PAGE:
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LBUSD Adult Community Transition Program Celebrates 30 Year Partnership with the College of Education

Published December 5, 2018

The College of Education has been a proud partner of Long Beach Unified School District’s (LBUSD) Adult Community Transition (ACT) Program since 1988. Initially beginning with the support of LBUSD and several CSULB administrators, the program has continued to grow throughout the years providing services in the areas of access, accountability, and achievement to students with disabilities, ages 18-22.

ACT Students at the 2018 CSULB Commencement Ceremony
From left to right: Terri Wargo, ACT Teacher; Carlos Madrigal-Jimenez; David Watts-Squires; Karina Vargas; Ronald Leiva; Dusty Farqaharson; Jeannie Battung, ACT Teacher.
Front: Student, Maria Contreras

Terri Wargo, one of two teachers who hold class with their ACT students in the College of Education, shared details of the program’s genesis and continued success. “I felt and continue to feel each day that sense of urgency to ensure quality education for all, thus quality of life for all…” said Terri. Since joining the program in 1994, Terri has seen the program double in size, now serving 30 students on-site at CSULB.

Creating confidence and independence in all aspects of students’ lives is fundamental to this program. Each week provides a mix of life skills, academic lessons, and vocational training with approximately 35% of ACT students leaving the program with a job (compared with the national average of 18.7% of people with a disability employed1). Part of the program’s success is due to the implementation of best practices in every step, including, community safety, mobility, and integration; self-advocacy and self-determination; communication and social skills; vocational education/employment; independent living and functional academics; inter-agency and family involvement; and results-oriented student-centered planning. “It is our job to give them roots and wings,” says Terri.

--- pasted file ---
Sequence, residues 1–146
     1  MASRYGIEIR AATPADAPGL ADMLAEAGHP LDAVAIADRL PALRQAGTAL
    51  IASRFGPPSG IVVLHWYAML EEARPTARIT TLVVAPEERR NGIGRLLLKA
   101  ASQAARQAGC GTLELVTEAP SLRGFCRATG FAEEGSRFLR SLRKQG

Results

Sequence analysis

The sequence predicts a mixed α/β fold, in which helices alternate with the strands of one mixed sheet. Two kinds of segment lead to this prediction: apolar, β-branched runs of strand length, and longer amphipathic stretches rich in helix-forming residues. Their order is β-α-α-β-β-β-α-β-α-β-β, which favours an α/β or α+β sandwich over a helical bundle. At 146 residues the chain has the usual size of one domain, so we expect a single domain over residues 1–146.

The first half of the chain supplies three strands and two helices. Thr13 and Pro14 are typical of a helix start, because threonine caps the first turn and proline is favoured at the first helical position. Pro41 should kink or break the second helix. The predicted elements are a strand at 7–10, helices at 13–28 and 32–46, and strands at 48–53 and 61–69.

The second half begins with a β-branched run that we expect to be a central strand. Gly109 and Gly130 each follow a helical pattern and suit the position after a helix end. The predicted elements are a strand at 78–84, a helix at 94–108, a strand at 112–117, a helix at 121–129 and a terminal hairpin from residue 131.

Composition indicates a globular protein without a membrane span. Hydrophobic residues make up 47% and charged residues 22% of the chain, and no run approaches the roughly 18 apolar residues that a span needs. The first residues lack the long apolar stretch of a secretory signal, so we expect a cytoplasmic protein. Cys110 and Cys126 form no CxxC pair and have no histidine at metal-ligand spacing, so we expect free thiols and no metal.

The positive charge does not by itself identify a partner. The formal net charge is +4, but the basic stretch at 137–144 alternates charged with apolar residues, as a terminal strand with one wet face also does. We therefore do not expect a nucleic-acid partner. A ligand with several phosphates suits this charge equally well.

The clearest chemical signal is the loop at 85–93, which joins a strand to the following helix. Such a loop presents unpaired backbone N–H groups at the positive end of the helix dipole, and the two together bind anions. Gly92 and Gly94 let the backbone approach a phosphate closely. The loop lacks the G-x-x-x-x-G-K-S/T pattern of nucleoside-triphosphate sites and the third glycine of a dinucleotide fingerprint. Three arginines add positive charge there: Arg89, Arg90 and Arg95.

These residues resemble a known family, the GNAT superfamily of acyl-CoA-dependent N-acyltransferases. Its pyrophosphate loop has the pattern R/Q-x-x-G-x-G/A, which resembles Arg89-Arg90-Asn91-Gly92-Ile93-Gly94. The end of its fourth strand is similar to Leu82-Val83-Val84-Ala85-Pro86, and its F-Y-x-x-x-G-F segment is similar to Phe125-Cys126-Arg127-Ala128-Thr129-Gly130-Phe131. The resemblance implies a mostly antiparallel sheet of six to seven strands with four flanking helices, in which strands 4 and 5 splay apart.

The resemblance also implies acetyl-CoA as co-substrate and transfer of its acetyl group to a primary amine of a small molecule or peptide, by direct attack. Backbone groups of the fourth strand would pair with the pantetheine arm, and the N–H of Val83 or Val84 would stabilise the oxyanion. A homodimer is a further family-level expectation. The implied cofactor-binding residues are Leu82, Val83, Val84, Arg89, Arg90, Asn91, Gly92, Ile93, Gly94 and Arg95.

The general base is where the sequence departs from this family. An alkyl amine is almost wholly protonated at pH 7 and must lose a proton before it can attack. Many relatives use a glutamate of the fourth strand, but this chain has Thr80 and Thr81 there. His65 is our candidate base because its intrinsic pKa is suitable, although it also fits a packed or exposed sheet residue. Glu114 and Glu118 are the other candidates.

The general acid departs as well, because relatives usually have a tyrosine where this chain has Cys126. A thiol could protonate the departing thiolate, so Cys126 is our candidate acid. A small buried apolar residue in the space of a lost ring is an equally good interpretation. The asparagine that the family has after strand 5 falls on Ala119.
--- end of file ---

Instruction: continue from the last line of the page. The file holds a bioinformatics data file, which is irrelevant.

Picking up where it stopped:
With all of these elements in practice, students are better equipped to lead a more independent life. An average week in the program can consist of a mix of hands-on vocational training with community business partners; functional academics focusing on budgeting, calendar management, and organizational skills; and also classes such as art, drama, and adaptive PE. The students then go into the community during the week to put all their skills to use.

Terri shares, “By the time our students leave the ACT program, many of them are empowered to further their education, many of them have jobs, some move out independently, quite a few have received their driver’s license, and a few have chosen to get married. Many had overcome adversities and all are on a journey of their own. They are all better equipped with the knowledge and tools they need to live according to their own definition of success.”

 
 

1. “Persons with a Disability: Labor Force Characteristics — 2017”. Bureau of Labor Statistics, https://www.bls.gov/news.release/pdf/disabl.pdf.